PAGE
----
Further sequence alignment and the inferred phylogeny of the pam genes from different Photorhabdus species suggest that pam is both ancestral and conserved throughout the genus. Where variable regions in amino acid sequence do exist, they could therefore be responsible for determining VX-765 manufacturer functional specificity of the protein within strains. Given the characteristic dual lifecycle of Photorhabdus,
with both a nematode-symbiotic and a insect-pathogenic stage, the limited similarity of Pam with B. thuringiensis Cry34 insecticidal protein, and the previous insecticidal studies with Pit , the first phenotypes tested with the pam mutant were toxicity to insects and symbiotic efficiency with the bacterium’s partner nematode H. bacteriophora. Interestingly, the deletion of the pam gene did not affect the ability of P. luminescens TT01 to support nematode growth, the production of infective juveniles, re-association of the bacteria with the worm or their ability to AZD6244 re-infect an insect. Similarly, we were not able to demonstrate any difference in insect survival (measured by LT50) when G. mellonella were CB-839 clinical trial injected with wild-type or pam mutant strains, but this could result from the high redundancy of virulence factors in Photorhabdus . In the case of Pam recombinant protein, which did not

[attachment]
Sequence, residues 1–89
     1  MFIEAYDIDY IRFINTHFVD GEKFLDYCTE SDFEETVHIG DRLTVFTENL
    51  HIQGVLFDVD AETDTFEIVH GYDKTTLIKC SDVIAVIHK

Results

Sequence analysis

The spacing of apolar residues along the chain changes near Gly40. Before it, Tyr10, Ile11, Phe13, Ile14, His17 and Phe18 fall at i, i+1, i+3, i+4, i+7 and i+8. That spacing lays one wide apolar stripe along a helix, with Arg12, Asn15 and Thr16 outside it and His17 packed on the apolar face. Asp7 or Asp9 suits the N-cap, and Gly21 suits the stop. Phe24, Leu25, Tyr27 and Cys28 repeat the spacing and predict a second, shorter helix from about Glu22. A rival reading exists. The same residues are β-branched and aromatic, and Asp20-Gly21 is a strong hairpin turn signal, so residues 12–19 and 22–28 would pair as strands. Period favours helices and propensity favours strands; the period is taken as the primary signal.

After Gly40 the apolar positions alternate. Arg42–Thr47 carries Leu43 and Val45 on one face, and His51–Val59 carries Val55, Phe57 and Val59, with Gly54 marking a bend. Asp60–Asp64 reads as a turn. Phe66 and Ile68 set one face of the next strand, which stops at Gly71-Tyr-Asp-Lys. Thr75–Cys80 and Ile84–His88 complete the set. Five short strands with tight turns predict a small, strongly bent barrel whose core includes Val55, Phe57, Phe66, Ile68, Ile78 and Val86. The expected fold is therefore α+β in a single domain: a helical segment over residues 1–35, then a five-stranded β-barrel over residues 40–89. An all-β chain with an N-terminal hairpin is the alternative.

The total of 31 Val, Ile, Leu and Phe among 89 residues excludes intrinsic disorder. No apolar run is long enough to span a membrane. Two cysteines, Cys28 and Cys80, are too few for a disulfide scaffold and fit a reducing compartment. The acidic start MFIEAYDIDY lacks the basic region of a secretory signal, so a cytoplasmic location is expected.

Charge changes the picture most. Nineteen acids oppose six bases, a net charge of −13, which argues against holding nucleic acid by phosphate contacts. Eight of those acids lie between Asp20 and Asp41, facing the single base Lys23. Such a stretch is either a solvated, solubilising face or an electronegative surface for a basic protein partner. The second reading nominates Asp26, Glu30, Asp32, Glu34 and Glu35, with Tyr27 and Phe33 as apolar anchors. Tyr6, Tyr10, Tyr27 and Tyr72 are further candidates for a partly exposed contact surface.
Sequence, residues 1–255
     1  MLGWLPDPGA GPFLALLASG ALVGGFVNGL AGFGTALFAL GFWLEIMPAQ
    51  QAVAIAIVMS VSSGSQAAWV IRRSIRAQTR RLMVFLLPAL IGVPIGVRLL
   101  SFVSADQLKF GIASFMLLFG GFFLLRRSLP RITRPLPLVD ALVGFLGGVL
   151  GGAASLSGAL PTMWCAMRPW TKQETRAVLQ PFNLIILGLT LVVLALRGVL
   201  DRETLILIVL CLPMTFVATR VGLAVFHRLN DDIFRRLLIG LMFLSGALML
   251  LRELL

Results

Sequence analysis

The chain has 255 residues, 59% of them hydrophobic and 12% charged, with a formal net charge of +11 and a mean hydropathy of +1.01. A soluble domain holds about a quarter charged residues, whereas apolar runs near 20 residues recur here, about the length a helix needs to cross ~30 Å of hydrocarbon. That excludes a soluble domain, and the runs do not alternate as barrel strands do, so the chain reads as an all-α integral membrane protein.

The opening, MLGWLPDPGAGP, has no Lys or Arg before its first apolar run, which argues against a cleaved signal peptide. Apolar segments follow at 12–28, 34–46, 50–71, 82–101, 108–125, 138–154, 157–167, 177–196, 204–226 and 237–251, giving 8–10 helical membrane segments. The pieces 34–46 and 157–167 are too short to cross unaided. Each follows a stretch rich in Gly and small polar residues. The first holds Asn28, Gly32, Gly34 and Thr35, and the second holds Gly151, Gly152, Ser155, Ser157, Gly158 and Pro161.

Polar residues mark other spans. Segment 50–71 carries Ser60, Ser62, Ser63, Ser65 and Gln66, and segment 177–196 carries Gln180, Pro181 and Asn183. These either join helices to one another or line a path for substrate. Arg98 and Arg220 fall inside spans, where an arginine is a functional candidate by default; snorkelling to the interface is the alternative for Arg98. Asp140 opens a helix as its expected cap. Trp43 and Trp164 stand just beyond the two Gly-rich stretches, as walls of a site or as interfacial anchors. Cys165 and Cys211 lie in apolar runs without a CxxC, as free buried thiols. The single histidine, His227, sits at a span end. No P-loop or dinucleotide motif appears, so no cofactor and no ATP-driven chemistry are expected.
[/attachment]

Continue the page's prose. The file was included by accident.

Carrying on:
cause toxicity either by injection or feeding assays, it is possible that Pam is not toxic by itself but requires a second, as yet unidentified, protein partner that operates in a binary toxin-type system. The closest known homolog of Pam is the 13.6 kDa Cry34 protein from B. thuringiensis, which only exerts effective mortality when coupled with its partner Cry35 [15, 16]. The precise mode of action Cyclin-dependent kinase 3 of Cry34 toxins remains
unclear, but susceptible insects show histopathological symptoms in the midgut epithelium, characterized by cell blebbing and vacuolation . We have not found any genes in Photorhabdus that are predicted to encode a component similar to Cry35. It should be noted that our findings are contrary to reports of toxicity of purified Pam protein by Li and co-workers . It is possible that the Pam variant they produced (Pit) as a GST-fusion from P. luminescens subsp. akhurstii YNd185, either has a much greater inherent toxicity to G. mellonella, or that the different method of purification used by these authors preserved Pam’s toxic phenotype. The fact that we did not find any toxic effect of Pam towards insects, or any decrease in the efficiency of interaction with the symbiotic nematode, led us to investigate whether it was expressed during insect infection at all. Western blots with anti-Pam antibody against proteins isolated from infected insects suggested that Pam was first produced at 48 h and not earlier during the infection process, and that it was continuously produced for at least 11 days after insect death.